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Bread from Heaven

1They set out from Elim, and all the congregation of the people of Israel came to the wilderness of Sin, which is between Elim and Sinai, on the fifteenth day of the second month after they had departed from the land of Egypt. 2And the whole congregation of the people of Israel grumbled against Moses and Aaron in the wilderness, 3and the people of Israel said to them, “Would that we had died by the hand of the Lord in the land of Egypt, when we sat by the meat pots and ate bread to the full, for you have brought us out into this wilderness to kill this whole assembly with hunger.”

4Then the Lord said to Moses, “Behold, I am about to rain bread from heaven for you, and the people shall go out and gather a day's portion every day, that I may test them, whether they will walk in my law or not. 5On the sixth day, when they prepare what they bring in, it will be twice as much as they gather daily.” 6So Moses and Aaron said to all the people of Israel, “At evening you shall know that it was the Lord who brought you out of the land of Egypt, 7and in the morning you shall see the glory of the Lord, because he has heard your grumbling against the Lord. For what are we, that you grumble against us?” 8And Moses said, “When the Lord gives you in the evening meat to eat and in the morning bread to the full, because the Lord has heard your grumbling that you grumble against him—what are we? Your grumbling is not against us but against the Lord.”

9Then Moses said to Aaron, “Say to the whole congregation of the people of Israel, ‘Come near before the Lord, for he has heard your grumbling.’” 10And as soon as Aaron spoke to the whole congregation of the people of Israel, they looked toward the wilderness, and behold, the glory of the Lord appeared in the cloud. 11And the Lord said to Moses, 12“I have heard the grumbling of the people of Israel. Say to them, ‘At twilight you shall eat meat, and in the morning you shall be filled with bread. Then you shall know that I am the Lord your God.’”

13In the evening quail came up and covered the camp, and in the morning dew lay around the camp. 14And when the dew had gone up, there was on the face of the wilderness a fine, flake-like thing, fine as frost on the ground. 15When the people of Israel saw it, they said to one another, “What is it?”11Or “It is manna.” Hebrew man hu For they did not know what it was. And Moses said to them, “It is the bread that the Lord has given you to eat. 16This is what the Lord has commanded: ‘Gather of it, each one of you, as much as he can eat. You shall each take an omer,22An omer was about 2 quarts or 2 liters according to the number of the persons that each of you has in his tent.’” 17And the people of Israel did so. They gathered, some more, some less. 18But when they measured it with an omer, whoever gathered much had nothing left over, and whoever gathered little had no lack. Each of them gathered as much as he could eat. 19And Moses said to them, “Let no one leave any of it over till the morning.” 20But they did not listen to Moses. Some left part of it till the morning, and it bred worms and stank. And Moses was angry with them. 21Morning by morning they gathered it, each as much as he could eat; but when the sun grew hot, it melted.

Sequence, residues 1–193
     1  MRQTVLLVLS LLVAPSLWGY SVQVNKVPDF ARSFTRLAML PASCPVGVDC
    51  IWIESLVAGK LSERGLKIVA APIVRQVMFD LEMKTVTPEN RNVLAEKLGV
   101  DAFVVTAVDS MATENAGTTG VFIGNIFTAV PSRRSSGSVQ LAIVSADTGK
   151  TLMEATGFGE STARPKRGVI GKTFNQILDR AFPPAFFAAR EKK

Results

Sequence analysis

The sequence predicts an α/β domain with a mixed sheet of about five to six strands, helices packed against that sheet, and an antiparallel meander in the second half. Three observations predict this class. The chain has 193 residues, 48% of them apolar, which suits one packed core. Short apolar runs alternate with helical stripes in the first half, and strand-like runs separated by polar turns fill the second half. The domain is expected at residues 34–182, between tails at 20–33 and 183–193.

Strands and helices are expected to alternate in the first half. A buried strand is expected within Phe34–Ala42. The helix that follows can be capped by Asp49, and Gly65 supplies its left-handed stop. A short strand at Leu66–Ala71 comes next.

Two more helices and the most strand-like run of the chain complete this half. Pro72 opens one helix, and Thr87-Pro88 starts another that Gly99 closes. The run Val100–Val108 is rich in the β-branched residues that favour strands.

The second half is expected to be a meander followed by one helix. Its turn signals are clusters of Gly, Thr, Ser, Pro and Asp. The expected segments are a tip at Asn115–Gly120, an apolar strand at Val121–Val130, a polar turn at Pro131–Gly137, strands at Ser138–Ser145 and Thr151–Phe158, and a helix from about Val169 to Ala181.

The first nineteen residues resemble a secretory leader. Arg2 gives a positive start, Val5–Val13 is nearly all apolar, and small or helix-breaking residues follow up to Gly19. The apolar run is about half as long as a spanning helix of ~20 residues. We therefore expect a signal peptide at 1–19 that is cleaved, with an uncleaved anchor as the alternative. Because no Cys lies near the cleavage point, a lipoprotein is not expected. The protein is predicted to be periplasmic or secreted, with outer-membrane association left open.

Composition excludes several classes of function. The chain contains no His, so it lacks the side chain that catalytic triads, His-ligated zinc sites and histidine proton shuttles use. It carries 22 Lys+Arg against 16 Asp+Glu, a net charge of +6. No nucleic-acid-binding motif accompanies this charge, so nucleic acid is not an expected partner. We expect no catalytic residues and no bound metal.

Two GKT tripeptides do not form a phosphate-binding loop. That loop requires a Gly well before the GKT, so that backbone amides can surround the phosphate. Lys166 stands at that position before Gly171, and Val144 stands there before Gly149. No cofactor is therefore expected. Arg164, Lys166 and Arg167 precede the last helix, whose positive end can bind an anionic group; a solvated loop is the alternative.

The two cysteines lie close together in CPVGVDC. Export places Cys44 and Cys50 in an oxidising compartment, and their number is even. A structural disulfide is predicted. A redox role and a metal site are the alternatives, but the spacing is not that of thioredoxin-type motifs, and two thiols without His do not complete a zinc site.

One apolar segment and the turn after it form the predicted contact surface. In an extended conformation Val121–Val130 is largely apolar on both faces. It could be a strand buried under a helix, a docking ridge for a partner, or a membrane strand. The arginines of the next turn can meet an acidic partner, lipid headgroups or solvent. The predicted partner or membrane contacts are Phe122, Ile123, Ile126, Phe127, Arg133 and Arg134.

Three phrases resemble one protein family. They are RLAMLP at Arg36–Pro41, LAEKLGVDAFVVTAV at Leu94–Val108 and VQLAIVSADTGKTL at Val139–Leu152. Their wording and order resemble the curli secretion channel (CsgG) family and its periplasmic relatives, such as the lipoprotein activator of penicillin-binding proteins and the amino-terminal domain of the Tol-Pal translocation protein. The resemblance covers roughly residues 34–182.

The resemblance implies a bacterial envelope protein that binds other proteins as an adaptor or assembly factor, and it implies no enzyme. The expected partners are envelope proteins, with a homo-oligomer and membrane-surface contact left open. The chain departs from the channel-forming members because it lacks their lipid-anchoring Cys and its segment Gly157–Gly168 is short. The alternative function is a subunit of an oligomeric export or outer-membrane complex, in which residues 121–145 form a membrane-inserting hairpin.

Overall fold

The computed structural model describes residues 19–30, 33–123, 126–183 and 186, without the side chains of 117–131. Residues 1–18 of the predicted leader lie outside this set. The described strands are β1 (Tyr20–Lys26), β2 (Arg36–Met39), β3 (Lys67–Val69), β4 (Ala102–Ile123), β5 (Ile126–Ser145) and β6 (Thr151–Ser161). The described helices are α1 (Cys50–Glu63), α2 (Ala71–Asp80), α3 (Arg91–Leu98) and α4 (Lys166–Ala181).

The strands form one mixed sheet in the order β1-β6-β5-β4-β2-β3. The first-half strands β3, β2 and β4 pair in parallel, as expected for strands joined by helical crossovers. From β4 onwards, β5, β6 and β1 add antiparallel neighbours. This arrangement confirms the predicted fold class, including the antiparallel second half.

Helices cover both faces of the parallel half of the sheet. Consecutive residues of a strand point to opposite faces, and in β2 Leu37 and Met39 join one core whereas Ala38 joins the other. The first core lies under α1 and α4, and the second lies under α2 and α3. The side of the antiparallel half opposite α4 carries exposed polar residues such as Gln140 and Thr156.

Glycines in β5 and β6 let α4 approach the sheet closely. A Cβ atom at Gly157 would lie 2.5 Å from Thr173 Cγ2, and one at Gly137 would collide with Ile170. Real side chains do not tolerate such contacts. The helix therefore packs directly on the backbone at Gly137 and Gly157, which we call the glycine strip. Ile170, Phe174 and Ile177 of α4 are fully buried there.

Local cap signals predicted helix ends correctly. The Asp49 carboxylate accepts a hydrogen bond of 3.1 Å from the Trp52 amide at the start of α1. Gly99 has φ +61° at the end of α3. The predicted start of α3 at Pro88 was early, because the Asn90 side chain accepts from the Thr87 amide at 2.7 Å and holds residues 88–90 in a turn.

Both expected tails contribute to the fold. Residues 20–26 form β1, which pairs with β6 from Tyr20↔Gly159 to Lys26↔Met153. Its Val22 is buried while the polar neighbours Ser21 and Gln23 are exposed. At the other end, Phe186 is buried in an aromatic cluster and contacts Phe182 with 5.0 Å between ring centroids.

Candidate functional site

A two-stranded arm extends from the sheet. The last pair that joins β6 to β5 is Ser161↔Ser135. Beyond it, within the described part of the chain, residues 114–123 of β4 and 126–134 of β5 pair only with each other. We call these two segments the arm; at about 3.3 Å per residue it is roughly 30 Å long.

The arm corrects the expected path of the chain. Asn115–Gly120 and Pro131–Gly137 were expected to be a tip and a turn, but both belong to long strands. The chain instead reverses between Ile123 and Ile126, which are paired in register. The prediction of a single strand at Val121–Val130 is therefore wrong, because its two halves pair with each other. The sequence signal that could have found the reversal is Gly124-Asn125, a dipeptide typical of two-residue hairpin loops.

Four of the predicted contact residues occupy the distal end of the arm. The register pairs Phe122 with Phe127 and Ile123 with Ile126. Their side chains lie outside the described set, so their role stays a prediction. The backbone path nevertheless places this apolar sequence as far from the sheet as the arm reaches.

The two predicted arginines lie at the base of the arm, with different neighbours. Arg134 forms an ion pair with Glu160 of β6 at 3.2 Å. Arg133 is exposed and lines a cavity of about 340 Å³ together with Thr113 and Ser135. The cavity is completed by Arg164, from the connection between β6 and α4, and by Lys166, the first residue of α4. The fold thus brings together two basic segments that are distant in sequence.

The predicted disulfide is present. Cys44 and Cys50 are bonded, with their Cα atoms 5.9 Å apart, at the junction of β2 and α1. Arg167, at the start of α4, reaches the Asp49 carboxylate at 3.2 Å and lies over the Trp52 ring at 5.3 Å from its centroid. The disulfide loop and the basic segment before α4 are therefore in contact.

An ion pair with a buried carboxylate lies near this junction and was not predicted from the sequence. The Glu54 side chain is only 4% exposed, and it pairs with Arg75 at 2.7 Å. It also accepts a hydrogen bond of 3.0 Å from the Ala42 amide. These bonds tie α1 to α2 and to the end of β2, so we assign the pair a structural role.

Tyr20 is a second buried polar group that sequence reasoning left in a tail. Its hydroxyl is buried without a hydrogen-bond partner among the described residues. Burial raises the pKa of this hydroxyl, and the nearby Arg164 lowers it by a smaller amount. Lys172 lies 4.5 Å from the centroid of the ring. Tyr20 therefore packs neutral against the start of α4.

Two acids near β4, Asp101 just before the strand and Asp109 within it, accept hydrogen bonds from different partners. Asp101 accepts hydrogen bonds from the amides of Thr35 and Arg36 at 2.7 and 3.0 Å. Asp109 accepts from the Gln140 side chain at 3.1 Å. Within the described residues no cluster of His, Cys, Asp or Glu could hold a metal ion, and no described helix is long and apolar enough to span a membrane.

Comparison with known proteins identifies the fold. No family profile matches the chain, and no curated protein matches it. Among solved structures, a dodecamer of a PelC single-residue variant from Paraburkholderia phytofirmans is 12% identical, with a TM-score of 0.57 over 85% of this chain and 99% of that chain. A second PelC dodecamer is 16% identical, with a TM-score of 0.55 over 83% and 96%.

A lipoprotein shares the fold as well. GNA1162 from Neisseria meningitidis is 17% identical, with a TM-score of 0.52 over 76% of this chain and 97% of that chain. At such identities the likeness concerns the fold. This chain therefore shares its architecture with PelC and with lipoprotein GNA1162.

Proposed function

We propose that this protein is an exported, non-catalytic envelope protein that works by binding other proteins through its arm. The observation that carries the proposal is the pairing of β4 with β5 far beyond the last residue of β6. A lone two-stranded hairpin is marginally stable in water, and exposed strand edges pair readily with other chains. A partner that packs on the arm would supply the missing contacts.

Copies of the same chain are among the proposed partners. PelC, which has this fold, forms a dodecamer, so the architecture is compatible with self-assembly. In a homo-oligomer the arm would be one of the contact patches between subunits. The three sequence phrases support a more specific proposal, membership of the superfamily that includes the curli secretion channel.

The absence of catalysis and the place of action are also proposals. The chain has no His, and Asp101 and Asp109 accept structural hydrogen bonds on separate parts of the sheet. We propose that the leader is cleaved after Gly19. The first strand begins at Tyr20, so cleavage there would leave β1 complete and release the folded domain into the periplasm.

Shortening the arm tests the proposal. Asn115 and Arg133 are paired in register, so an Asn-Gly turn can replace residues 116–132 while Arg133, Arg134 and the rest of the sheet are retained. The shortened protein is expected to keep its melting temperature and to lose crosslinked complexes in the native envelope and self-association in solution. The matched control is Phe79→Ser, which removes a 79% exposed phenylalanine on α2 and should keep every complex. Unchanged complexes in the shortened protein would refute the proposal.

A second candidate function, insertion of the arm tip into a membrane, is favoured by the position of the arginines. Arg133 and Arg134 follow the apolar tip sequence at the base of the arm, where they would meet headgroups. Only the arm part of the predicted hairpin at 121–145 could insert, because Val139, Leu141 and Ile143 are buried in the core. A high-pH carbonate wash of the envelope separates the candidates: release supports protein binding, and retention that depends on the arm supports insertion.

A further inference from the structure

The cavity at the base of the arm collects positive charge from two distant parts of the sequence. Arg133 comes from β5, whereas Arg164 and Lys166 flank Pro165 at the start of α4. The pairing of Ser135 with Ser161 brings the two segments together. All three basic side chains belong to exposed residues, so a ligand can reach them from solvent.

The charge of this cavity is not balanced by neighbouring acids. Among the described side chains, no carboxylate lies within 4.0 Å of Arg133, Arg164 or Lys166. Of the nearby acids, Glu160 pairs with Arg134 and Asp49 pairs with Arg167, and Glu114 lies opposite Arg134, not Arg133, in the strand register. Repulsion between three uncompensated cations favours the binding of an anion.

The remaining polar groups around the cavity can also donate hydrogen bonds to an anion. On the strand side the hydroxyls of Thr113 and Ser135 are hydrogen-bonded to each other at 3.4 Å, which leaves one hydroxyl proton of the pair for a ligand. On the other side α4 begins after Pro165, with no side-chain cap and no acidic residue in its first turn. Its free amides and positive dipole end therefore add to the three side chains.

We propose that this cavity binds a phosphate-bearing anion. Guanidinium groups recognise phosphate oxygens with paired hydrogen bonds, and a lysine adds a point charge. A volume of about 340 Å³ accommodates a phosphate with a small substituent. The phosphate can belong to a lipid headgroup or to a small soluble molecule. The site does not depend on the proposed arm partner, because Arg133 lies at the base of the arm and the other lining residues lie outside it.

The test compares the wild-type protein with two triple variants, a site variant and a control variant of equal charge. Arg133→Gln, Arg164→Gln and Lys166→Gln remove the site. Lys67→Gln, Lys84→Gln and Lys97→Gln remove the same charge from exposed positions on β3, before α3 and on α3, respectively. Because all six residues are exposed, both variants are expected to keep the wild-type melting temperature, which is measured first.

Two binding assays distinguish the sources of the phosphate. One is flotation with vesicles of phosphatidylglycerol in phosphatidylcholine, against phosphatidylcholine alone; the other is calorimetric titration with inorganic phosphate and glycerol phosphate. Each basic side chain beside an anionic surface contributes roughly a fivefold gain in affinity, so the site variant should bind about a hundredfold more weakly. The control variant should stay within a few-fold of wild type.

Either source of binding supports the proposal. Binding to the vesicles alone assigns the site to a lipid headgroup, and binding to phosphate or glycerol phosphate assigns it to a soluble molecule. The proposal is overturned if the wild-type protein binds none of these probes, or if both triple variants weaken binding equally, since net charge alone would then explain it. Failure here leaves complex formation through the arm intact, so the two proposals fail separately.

22On the sixth day they gathered twice as much bread, two omers each. And when all the leaders of the congregation came and told Moses, 23he said to them, “This is what the Lord has commanded: ‘Tomorrow is a day of solemn rest, a holy Sabbath to the Lord; bake what you will bake and boil what you will boil, and all that is left over lay aside to be kept till the morning.’” 24So they laid it aside till the morning, as Moses commanded them, and it did not stink, and there were no worms in it. 25Moses said, “Eat it today, for today is a Sabbath to the Lord; today you will not find it in the field. 26Six days you shall gather it, but on the seventh day, which is a Sabbath, there will be none.”

27On the seventh day some of the people went out to gather, but they found none. 28And the Lord said to Moses, “How long will you refuse to keep my commandments and my laws? 29See! The Lord has given you the Sabbath; therefore on the sixth day he gives you bread for two days. Remain each of you in his place; let no one go out of his place on the seventh day.” 30So the people rested on the seventh day.

31Now the house of Israel called its name manna. It was like coriander seed, white, and the taste of it was like wafers made with honey. 32Moses said, “This is what the Lord has commanded: ‘Let an omer of it be kept throughout your generations, so that they may see the bread with which I fed you in the wilderness, when I brought you out of the land of Egypt.’” 33And Moses said to Aaron, “Take a jar, and put an omer of manna in it, and place it before the Lord to be kept throughout your generations.” 34As the Lord commanded Moses, so Aaron placed it before the testimony to be kept. 35The people of Israel ate the manna forty years, till they came to a habitable land. They ate the manna till they came to the border of the land of Canaan. 36(An omer is the tenth part of an ephah.)33An ephah was about 3/5 bushel or 22 liters


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Ex 16:1-36. Murmurs for Want of Bread.

1. they took their journey from Elim—where they had remained several days.